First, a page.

I agree with Ward's conclusion that the potion is not meant to kill the drinker especially given the evidence of the other 2 victims of the potion. However, i think Dumbledore is wrong on his assumption of WHY the potion will not kill him.
Lets investigate, first we have Dumbledore's comment.
"Oh, I doubt that it would work like that," said Dumbledore easily. "Lord Voldemort would not want to kill the person who reached this island."
Showing that he doesn't believe the potion is meant to kill the drink, here i think most of us agree that the intent is not for death via the potion.
Here is were i think Dumbledore's conclusions are slightly off.
"I'm sorry, Harry; I should have said, he would not want to immediately kill the person who reached this island," ... "He would want to keep them alive long enought to find out how they managed to penetrate so far through his defenses ..."
While The potion does seem to incapacitate the drinker, it also has another side effect, making the drinker incredibly thirsty. The cup/potion itself does not appear to allow any liquid into the victims mouth, unless its from the lake.
What do we know about this lake? Its filled with Inferi.
What do these inferi do when you drink from the late? immediately attack and kill you.
“Kreacher needed water, he crawled to the island’s edge and he
drank from the black lake . . . and hands, dead hands, came out of
the water and dragged Kreacher under the surface. . . .”
We see Kreacher was attacked an dragged under the water by the inferi.
And he drank — all the potion — and Kreacher swapped the lockets —
and watched . . . as Master Regulus . . . was dragged beneath the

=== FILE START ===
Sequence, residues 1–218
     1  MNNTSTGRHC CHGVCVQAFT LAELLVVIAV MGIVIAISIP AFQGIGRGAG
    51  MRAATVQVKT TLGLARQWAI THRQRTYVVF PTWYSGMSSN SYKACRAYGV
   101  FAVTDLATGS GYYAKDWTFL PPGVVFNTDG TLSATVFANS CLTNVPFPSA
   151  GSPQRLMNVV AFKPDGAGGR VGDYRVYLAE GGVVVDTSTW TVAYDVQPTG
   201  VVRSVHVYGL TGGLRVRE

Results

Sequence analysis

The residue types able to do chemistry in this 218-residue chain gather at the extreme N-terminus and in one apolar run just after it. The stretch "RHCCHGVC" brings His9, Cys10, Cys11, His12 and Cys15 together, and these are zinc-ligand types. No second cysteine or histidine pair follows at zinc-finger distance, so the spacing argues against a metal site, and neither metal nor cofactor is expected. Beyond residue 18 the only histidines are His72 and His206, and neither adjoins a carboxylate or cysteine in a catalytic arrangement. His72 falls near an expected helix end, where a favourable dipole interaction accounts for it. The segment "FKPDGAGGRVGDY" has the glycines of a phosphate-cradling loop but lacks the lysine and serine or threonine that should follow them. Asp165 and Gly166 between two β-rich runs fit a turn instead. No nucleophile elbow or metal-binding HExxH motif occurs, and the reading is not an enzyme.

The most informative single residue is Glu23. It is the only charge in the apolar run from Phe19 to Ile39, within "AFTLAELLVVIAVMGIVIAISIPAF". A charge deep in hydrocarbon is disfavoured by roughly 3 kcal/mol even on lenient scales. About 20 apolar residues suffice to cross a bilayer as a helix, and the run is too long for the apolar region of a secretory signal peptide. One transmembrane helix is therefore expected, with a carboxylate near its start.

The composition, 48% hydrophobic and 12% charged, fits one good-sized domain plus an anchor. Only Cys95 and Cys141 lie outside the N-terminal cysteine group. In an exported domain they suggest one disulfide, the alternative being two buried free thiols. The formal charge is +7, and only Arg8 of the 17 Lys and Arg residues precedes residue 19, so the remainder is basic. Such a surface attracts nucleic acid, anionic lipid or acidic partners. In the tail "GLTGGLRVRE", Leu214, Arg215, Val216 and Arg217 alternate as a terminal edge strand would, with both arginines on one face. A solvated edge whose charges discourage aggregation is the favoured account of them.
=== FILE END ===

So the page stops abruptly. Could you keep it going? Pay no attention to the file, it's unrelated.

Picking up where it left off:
water . . . and . . .”
Regulus, while not specifically stating he drank from the lake, he most likely did because of his thirst, and was dragged into the lake by the inferi.
instinctively, the only way left to get water, because Volde- mort had
planned it so . . .
He flung himself over to the edge of the rock and plunged the goblet
into the lake, bringing it up full to the brim of icy water that did
“Sir — here!” Harry yelled, and lunging forward, he tipped the
water clumsily over Dumbledore’s face.
It was the best he could do, for the icy feeling on his arm not
holding the cup was not the lingering chill of the water. A slimy
white hand had gripped his wrist, and the creature to whom it be-
longed was pulling him, slowly, backward across the rock.
As Harry states, he knew instinctively what Voldemort had done, made it so you had to drink water from the lake, the water that activated the inferi, to attack and kill you. Which shows intent of death via inferi, and not the potion, which would not keep the person who found the locket alive long enough for Voldemort to question them, as Dumbledore suspected.